For the study, researchers followed for eight years 1,836 Japanese Americans in Washington state with an average age of 72. During that time, 129 people developed dementia.
The research found that people with lower body mass index (BMI) scores at the beginning of the study were 79 percent more likely to develop dementia than those with higher BMI scores.
In addition, those who lost weight over the study period at a faster rate were nearly three times more likely to develop dementia than those who lost weight more slowly over time. This result was more pronounced in those who were overweight or obese to start; those with a BMI of 23 or higher had an 82-percent reduced risk of developing the disease compared to those who were normal or underweight. The results were the same after testing for other health risk factors such as smoking, exercise and gender.
“Our finding suggests that losing weight quickly in older age may be an early sign of dementia,” said study author Tiffany Hughes, PhD, MPH, who is with the University of Pittsburgh School of Medicine but conducted the research while she was a doctoral student at the University of South Florida. “This doesn’t mean that being obese or overweight is healthy for the mind or body, but losing weight may be a sign of emerging brain disease.”
Hughes says other current research shows that, in contrast, a larger belly in midlife may be a risk factor for dementia.
“Dementia has been shown to develop in the brain decades before any symptoms develop,” Hughes said. “These findings likely reflect that process. In middle age, obesity may be a risk factor for dementia, while declining weight in late life may be considered one of the first changes from the disease that occurs before it actually affects a person’s memory.”
The American Academy of Neurology, an association of more than 21,000 neurologists and neuroscience professionals, is dedicated to improving patient care through education and research. A neurologist is a doctor with specialized training in diagnosing, treating and managing disorders of the brain and nervous system such as multiple sclerosis, restless legs syndrome, Alzheimer’s disease, narcolepsy, and stroke.
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In recent years, lasers with ultrashort pulses (USP) down to the femtosecond range have become established on an industrial scale. They could advance some applications with the much-lauded “cold ablation” – if that meant they would then achieve more throughput. A new generation of process engineering that will address this issue in particular will be discussed at the “4th UKP Workshop – Ultrafast Laser Technology” in April 2017.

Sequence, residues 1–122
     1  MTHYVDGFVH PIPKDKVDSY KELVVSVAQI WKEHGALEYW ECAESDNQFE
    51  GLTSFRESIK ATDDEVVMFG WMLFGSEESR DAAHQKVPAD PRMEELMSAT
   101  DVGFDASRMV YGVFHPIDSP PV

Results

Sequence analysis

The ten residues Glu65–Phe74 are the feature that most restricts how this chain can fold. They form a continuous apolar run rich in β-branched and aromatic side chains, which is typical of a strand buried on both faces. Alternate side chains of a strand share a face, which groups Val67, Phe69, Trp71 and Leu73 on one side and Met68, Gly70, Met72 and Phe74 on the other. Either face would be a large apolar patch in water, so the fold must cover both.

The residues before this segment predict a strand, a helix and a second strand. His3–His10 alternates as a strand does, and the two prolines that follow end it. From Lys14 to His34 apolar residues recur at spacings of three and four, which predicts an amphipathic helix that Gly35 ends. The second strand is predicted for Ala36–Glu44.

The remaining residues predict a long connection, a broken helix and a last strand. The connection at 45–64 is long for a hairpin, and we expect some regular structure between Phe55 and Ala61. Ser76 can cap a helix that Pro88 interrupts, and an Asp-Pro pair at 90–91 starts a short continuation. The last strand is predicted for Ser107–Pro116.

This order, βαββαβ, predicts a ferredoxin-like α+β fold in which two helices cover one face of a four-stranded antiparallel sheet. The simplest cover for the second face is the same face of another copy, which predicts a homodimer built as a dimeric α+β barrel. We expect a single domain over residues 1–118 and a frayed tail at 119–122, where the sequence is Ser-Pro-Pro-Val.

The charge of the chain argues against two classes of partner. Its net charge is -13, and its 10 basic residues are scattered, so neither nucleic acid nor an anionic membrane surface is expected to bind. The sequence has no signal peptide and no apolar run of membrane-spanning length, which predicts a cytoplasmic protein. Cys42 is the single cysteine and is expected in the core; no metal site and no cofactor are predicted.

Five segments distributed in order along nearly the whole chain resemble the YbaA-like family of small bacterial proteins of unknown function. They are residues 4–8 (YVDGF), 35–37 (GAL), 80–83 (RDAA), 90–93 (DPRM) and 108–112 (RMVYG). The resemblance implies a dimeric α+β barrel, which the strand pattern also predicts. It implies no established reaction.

Even back in the 1990s, scientists were comparing materials processing with nanosecond, picosecond and femtosesecond pulses. The result was surprising:...
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A multi-institutional research collaboration has created a novel approach for fabricating three-dimensional micro-optics through the shape-defined formation of porous silicon (PSi), with broad impacts in integrated optoelectronics, imaging, and photovoltaics.
Working with colleagues at Stanford and The Dow Chemical Company, researchers at the University of Illinois at Urbana-Champaign fabricated 3-D birefringent...
In experiments with magnetic atoms conducted at extremely low temperatures, scientists have demonstrated a unique phase of matter: The atoms form a new type of quantum liquid or quantum droplet state. These so called quantum droplets may preserve their form in absence of external confinement because of quantum effects. The joint team of experimental physicists from Innsbruck and theoretical physicists from Hannover report on their findings in the journal Physical Review X.
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The Max Planck Institute for Physics (MPP) is opening up a new research field. A workshop from November 21 - 22, 2016 will mark the start of activities for an innovative axion experiment. Axions are still only purely hypothetical particles. Their detection could solve two fundamental problems in particle physics: What dark matter consists of and why it has not yet been possible to directly observe a CP violation for the strong interaction.
The “MADMAX” project is the MPP’s commitment to axion research. Axions are so far only a theoretical prediction and are difficult to detect: on the one hand,...
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